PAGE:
Market downturn shines new light on pros and cons of stock options

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During a steadily rising stock market like the 12-year period leading up to this year, equity compensation in some form of stock options was a relatively straightforward financial planning exercise that mostly involved navigating through and around taxes.

But in a down market, particularly one where the downside appears so uncertain, even financial advisers who specialize in stock options are finding themselves deep in new puzzles related to when and how, or even if, clients should take ownership of company stock they have been granted.

“There is some inherent leverage involved with stock options,” said Rob Greenman, partner and chief growth officer at Vista Capital Partners.

“When the employer stock prices surge, folks can utilize this form of compensation to fund their dream vacation home, but when prices fall from the grant date, there’s zero value and they’re back to renting that summer home,” Greenman said. “It can really be feast or famine.”

In basic terms, a stock option’s grant price is the value of the stock on the date it’s awarded to an employee. This follows a vesting period during which the employee has the option to exercise the right to take ownership.

Depending on the type of option being granted, and there are multiple flavors, the employee typically can buy the stock in the future at the stock’s price when it was granted. This is great news if stocks are going up. When stock prices are falling, it starts to look like useless compensation because it would involve paying the previously higher price at the grant date for stock that is now cheaper.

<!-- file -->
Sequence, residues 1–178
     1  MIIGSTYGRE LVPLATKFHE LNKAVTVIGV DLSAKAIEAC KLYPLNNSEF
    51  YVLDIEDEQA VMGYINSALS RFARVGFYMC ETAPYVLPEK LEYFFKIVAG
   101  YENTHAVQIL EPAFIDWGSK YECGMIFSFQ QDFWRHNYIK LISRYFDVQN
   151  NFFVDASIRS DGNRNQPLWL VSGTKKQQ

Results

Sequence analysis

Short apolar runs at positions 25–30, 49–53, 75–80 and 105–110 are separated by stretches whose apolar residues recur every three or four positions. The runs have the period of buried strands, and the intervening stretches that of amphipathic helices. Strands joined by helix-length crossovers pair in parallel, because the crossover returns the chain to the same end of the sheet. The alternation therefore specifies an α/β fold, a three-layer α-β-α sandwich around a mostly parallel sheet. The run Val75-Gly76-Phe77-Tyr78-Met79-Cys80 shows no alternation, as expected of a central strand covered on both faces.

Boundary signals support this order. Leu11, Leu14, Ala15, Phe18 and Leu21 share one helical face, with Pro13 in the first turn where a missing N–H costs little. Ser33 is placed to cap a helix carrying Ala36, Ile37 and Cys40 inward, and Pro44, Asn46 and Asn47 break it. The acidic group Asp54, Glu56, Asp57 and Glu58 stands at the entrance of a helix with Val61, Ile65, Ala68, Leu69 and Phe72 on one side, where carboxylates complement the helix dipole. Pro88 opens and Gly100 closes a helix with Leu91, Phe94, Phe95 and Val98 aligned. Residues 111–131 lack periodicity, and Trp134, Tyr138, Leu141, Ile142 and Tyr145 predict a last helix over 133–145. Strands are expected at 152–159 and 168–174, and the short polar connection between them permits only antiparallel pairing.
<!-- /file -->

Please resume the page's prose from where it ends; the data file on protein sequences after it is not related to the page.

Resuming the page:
But there are myriad wrinkles in the stock option game, as detailed by Daniel Zajac, lead equity compensation enthusiast at Zajac Group.

“The good news is you may get more [restricted stock units] than previous years with new grants,” he said. “And if you have [incentive stock options], you may be able to exercise and hold more with lower [alternative minimum tax] impact.”

Eric Roberge, owner of Beyond Your Hammock, said depending on the type of equity compensation, some employees could end up empty-handed.

“A major challenge of managing stock options during market downturns is if and when the strike price drops below the market price — then you’re underwater and the options are literally worthless,” he said. “There are tax advantages in these downturns, too. If you exercise incentive stock options or nonqualified stock options when the market price is lower, the initial tax impact of the exercise can be reduced.”

Marc Kadomatsu, managing partner and director of financial planning at Human Investing, described the reduced tax liabilities as a “small consolation benefit … assuming they are nonqualified stock options.”

“This current down-market cycle has created issues for those with stock options that are expiring soon,” Kadomatsu added. “These apply to those close to expiration date, as well as people who are leaving their company and have 90 days to exercise their options. Ideally, they are exercising these options when the market is at a higher point, so they have a choice to either exercise and sell them at a low point or exercise and hold the stock and wait for a potential recovery before selling them again. The opportunity is that any new grants that they receive will be at a low exercise price, providing those shares with a high upside opportunity if there is a recovery in the market.”